Nursing Virtual Simulation Oxford Medical Simulation
Nursing Virtual Simulation Oxford Medical Simulation

The NHS has a nursing crisis

Across the UK there is a shortage of more than 100,000 staff, with a massive 36,655 vacancies for nursing staff in the NHS in 2020.

According to the Kings Fund, this shortage represents “a greater threat to health services than the funding challenges” with the RCN adding:

“We don’t have enough nurses to keep all our patients safe” Dame Donnar Kinnair

In response to shortage, two related events have occurred.

Firstly, the government releases a £15m fund for simulation. Secondly, simulation has been accepted as a replacement for clinical hours.

This piece covers both of these developments.

£15m Fund for Simulation 

In March 2021 the government announced that £15m would be awarded to English universities to invest in new simulated training facilities and technologies for nursing and other health students.

“Examples given by the government for what the funding could be spent on included virtual reality technology, manikins, role play activities, and smartphones, tablets or computers”, according to the Nursing Times.

Simulation for Clinical Placement Hours

In January 2021, revised NMC Recovery Standards were introduced. These state that “the amount of practice learning time spent in simulated practice learning experience can be up to a maximum of 300 hours across a programme’s duration.”

These standards were designed to help manage the backlog of nursing students who require placement activity. With an increasing need for new nurses in the face of clinical placement capacity issues, it it likely the standards will be in place for several years, if not indefinitely.

“We know that simulation can be an effective alternative way of learning and can be a more flexible practical learning tool to support students in progressing their studies” Mike Adams, RCN Director

As such, there is now a clear mandate to use simulation in place of clinical hour replacement, so the next question is, ‘can I use virtual simulation for clinical placements?’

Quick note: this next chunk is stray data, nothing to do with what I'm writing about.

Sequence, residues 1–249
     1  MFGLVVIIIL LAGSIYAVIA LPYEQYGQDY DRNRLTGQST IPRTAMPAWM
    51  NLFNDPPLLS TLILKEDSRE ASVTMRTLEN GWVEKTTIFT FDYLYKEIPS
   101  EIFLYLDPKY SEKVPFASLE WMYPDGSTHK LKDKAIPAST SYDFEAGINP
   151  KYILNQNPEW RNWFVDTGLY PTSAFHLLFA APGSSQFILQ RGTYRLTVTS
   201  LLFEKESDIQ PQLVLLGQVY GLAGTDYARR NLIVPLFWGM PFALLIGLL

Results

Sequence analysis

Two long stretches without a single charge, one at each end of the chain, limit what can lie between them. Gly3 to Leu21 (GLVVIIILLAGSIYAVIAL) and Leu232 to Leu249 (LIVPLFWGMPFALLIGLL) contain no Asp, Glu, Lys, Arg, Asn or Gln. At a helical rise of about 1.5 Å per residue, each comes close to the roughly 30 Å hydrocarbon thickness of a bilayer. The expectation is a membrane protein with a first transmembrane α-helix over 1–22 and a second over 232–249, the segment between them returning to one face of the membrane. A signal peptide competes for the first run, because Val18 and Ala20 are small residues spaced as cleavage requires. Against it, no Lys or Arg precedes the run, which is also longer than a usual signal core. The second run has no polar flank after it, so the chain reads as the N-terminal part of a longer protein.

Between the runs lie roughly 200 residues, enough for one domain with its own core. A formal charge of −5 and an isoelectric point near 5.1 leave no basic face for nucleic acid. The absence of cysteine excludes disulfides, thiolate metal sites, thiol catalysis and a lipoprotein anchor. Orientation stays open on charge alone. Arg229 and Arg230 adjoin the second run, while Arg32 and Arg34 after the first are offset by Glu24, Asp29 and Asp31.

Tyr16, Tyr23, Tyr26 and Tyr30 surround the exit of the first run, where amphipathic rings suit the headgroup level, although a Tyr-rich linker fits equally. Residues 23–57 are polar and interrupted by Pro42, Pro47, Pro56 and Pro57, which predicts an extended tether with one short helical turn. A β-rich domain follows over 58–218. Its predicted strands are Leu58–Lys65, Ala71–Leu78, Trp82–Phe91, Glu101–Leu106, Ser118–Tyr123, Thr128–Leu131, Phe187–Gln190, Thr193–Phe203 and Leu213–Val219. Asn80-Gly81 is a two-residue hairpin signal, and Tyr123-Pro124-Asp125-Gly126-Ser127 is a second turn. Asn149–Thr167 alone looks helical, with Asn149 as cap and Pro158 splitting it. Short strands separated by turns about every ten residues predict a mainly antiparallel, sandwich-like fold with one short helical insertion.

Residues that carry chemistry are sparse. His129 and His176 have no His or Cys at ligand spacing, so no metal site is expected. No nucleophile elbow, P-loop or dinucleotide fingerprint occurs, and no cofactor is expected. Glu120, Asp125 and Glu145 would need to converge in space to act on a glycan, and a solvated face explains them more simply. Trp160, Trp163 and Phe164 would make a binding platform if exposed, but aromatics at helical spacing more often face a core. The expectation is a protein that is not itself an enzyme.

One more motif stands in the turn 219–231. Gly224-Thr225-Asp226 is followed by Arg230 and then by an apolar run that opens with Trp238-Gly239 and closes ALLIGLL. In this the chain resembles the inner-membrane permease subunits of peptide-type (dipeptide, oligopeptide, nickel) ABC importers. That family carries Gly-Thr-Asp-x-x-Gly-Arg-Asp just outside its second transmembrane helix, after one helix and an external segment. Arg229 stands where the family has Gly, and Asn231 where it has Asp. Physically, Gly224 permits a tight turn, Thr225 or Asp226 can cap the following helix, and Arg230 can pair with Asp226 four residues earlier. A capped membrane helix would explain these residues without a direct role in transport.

Can I Use Virtual Simulation for Clinical Hour Replacement?

The answer to this question comes from a number of sources, and is resoundingly: ‘Yes!’

To emphasise this virtual reality was noted in the release comments…

“Examples given by the government for what the funding could be spent on included virtual reality technology” Nursing Times

…and this has been backed up from various sources.

From the NMC: “Simulation is defined as an artificial representation of a real world practice scenario that supports student development and assessment through experiential learning with the opportunity for repetition, feedback, evaluation and reflection.” This definition firmly encompasses VR simulation.

This is acknowledged in the HEE Simulation Strategy 2020: “Evolving technologies, such as virtual reality, allow learning to be self-guided and personalised, deliverable on a larger scale and hence more efficient in terms of time and cost”

From HEE East of England: “The various types of simulated experiences include: 1. Simulated patients; 2. Manikins; 3. Virtual reality simulators. 4. Wet labs; 5. Bench-top skills trainers

As such, VR is considered a valid tool for delivering simulation, and the NMC clearly give universities the freedom to use as they see fit: “Approved education institutions (AEIs) can chose how best to apply this recovery standard…”

Clinical hours replacement with VR simulation
Clinical hours replacement with VR simulation

How Much Time in Virtual Simulation Equals Clinical Experience?

Now that we’ve established virtual reality simulation can be used to replace clinical hours, the question comes to how many clinical hours can be replaced with virtual simulation. 

The answer to this depends on the source of virtual simulation, the resources provided before and after and the structure in which the scenarios are implemented into the curriculum.

Nurse Educator Molly Schleicher notes that, using one OMS Nursing scenario:

“The 2 hour virtual simulation experience (based on a 20 minute scenario run twice with structured prebriefing before and debriefing after) would equal 4 hours of clinical time.”

This involves the scenario, virtual debriefing and use of deliberate practice and is based on the INACSL Standards of Best Practice. A full breakdown of how to structure learning to meet these requirements can be found here: Using Virtual Simulation to Replace Clinical Hours


Therefore, despite the huge pressures put on nursing schools recently, it has spurred positive action: the government is encouraging significant investment in simulation; virtual simulation is considered a valid approach; and there’s an acknowledgement nationally that VR “allows learning to be self-guided and personalised, deliverable on a larger scale and hence more efficient in terms of time and cost”

If you are interested in how best to implement VR simulation – please get in touch with one of our educational specialists, we’re happy to help!



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